The urge to craft a story surpasses available material. Sometimes I forget my sketchbook and resort to what I have at hand — the blank side of the insurance card in the car, a discarded grocery list at the bottom of my purse, a recycled envelop.
When I was nineteen, I waited tables at a casino dinner house. Between serving meals and refilling ketchup bottles I wrote bits of stories on napkins. More often than not, I tossed the words in the garbage along with food scraps at the end of my shift. Back then, I was practicing stories. I had no desire to share them.
It’s not until the story develops into an emotional being that takes on a life of its own that the need grows into one of sharing. But what if all you have are scraps?
I’m sitting at an oak library table, casting my eyes between the bank of windows overlooking Portage Canal and the magazine I’ve opened to read. Outside, snow falls like drifting down feathers. Seagulls still circle low over the water that has yet to freeze but looks dark gray as if it were slowly morphing into steel.
This space that envelops me in books and snow-scape is called the Michigan Room. It’s where I lead a small writing activity called Wrangling Words once a month. It’s just like our weekly flash fiction challenges but in person. The snow has returned without ceasing, and likely everybody has stayed home to hunker down. But I love this space I’m in, outside my desk, filling my mind and imagination. Wood grain, pages, snowflakes — scraps of the moment.
The book review I’m reading of Retablos by Octavio Solis has introduced me to a folk art that I’ve seen in the southwest but did not know by name. It’s as old as the Spanish Conquest, based on the religious decorative panels found in Catholic Churches. As a storytelling medium, a retablo often uses scraps of metal to commemorate a near-disaster by those who survived.
The book reviewer, Deborah Mason, writes:
“By commemorating the event, the retablo can transform that story of salvation into myth. But memory is slippery, and retelling a story, even on a buckled sheet of metal, results in embellishments and refinements.”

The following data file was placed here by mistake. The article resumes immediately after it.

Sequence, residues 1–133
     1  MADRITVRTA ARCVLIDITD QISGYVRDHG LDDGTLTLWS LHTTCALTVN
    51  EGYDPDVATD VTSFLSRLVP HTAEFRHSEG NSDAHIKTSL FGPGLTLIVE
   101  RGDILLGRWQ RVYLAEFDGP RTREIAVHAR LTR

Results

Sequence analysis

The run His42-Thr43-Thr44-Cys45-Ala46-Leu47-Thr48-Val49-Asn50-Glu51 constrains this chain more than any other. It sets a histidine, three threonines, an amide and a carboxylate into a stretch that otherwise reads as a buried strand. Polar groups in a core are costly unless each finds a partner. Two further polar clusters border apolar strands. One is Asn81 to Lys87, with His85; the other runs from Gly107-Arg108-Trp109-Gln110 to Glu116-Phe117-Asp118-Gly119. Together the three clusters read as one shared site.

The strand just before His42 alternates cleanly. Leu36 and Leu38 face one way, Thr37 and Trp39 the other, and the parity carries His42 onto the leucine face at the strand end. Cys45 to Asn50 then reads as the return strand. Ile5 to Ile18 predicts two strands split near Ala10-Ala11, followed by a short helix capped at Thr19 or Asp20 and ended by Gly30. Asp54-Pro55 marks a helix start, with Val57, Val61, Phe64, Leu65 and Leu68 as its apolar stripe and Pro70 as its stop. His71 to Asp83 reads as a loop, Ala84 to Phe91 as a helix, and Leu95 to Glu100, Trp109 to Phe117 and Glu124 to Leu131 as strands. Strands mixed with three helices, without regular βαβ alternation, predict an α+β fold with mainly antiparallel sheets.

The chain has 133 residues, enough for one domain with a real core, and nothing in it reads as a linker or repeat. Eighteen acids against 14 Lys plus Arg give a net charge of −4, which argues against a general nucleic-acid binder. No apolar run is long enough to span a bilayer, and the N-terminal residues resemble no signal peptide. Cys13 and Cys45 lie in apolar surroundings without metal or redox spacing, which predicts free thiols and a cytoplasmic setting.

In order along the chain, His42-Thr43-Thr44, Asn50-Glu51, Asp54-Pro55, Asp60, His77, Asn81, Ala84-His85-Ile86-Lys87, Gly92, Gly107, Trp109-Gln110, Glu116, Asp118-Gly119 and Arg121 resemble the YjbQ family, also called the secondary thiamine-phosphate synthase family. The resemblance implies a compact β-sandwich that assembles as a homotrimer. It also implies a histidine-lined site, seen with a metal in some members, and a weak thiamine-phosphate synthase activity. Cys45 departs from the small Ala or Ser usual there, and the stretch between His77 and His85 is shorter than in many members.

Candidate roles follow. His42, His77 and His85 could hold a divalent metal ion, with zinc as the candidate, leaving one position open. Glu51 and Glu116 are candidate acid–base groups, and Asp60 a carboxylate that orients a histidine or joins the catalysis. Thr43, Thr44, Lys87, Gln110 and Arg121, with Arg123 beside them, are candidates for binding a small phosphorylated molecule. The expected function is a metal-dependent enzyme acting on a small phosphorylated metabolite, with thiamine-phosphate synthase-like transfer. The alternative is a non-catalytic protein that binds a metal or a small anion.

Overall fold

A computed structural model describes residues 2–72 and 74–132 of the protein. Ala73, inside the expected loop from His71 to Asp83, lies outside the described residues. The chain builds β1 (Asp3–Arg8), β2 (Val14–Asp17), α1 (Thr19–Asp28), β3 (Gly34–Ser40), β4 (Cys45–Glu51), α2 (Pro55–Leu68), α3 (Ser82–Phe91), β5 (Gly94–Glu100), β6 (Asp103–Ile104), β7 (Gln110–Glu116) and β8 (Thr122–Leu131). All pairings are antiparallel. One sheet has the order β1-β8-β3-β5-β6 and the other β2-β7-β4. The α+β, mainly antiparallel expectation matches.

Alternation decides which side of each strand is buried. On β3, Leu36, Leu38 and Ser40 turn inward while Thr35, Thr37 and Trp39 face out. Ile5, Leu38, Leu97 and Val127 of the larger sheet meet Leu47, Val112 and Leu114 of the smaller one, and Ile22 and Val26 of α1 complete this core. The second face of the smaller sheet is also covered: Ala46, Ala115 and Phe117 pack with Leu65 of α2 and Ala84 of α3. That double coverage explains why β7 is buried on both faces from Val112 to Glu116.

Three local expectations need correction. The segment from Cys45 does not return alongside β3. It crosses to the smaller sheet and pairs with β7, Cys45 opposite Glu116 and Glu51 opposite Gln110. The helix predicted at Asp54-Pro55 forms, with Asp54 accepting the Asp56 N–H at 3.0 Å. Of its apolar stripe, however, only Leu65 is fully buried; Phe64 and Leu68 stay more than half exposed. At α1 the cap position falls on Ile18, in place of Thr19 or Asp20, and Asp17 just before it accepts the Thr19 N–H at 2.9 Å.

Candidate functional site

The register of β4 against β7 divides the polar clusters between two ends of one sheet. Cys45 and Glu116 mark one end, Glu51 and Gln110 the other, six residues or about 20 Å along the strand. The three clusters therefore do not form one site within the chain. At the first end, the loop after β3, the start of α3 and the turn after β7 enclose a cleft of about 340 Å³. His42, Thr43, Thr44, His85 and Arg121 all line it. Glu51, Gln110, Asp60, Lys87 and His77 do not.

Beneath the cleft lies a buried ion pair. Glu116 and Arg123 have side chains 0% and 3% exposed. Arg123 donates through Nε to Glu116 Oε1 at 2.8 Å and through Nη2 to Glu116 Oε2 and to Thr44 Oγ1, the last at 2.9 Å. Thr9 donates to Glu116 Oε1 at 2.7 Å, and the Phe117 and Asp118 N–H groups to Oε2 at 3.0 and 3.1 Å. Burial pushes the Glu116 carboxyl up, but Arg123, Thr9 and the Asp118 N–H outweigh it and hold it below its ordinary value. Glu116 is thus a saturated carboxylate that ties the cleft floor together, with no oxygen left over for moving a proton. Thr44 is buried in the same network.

I’m staring at snow, realizing no one is coming today, and I’m relieved for the moment to grab a scrap of paper from by box and start scrawling ideas. It’s an old woman’s story. It’s a story about me embellishing the natural wonders of a humble bog pond. It’s a story I’m trying not to kill beneath the hammer blows of revision. I feel surreal, writing in this strange and yet wonderous space.
None of it makes sense to read. I’ve been writing every day on Miracle of Ducks, pushing aside my inner critic who has rolled eyes so much I think I’ve blinded the annoyer. What I’m writing feels like a train wreck. I was almost ready to give up, to concede that one’s first novel is indeed practice. It’s not saying what I want it to say. I keep TUFFing my drafts and overhauling chunks to fit a new scene.
But it is this idea of myth of slippery memory that brings me back to a character who once emerged in my flash fiction. She actually fits into Danni’s story like a missing puzzle piece. Ramona is now Ike’s grandma who helps carry the story and solidify my decision to relocate it in Idaho.
It took 30,0294 words, a scrap of paper, and a book review about Retablos to figure out my blueprint, the underlying motivations of my protagonist.
I never stop writing. I write every day. But that doesn’t make me productive. Often, it’s exploration and communicating the stories of now. It’s about creating and connecting. I’m hardly accurate in my goals, but my vision, my north star shine brightly, and so I write my way through it all.
Deborah Mason continues in her review:
“Yet despite its imprecision, the retablo expreses a profound truth not only about its maker but also in the world he or she lives in. The retablo itself becomes part of the myth as well.”
Fiction or non-fiction, we write into the truth. We feel the story and layer the details onto the page. We rework the scraps until they bloom — the quilter, the painter, the metal worker, the writer — we all work in scraps until we have captured the story that speaks our truth.
And speaking of table scraps, I hope to be enjoying left-overs next week. It is Thanksgiving. I’ve decided to take that week off, something I don’t often do at the Ranch. After posting this collection, I’ll be on turkey duty and savoring leftovers until the next challenge on November 29.
November 15, 2018, prompt: In 99 words (no more, no less) write a story that uses scraps. It can be scraps of dried flowers, paper, metal, fabric, food — any kind of scraps you can think of. Then write a story about those scraps and why they matter or what they make. Go where the prompt leads you.
Respond by November 20, 2018. Use the comment section below to share, read and be social. You may leave a link, pingback or story in the comments. Rules & Guidelines.
Scraps of Imagination (from Miracle of Ducks) by Charli Mills
Cleaning out Ramona’s dresser felt wrong, but Danni could no longer sulk over coffee at the kitchen table. She heard Ike tell his Uncle Logan, “At least she wasn’t a hoarder.”
True, Danni thought. Ramona was frugal but wrapped in her sock-drawer were rolls of dollar bills. She thought about showing the men and making a Grandma-was-a-stripper joke. Ramona would have chuckled. Danni spied a scrapbook beneath. Curious, she opened up pages to fairy drawings and cursive writing. Scraps of dried flowers mingled with Ramona’s fertile imagination before dementia robbed them all of who she was.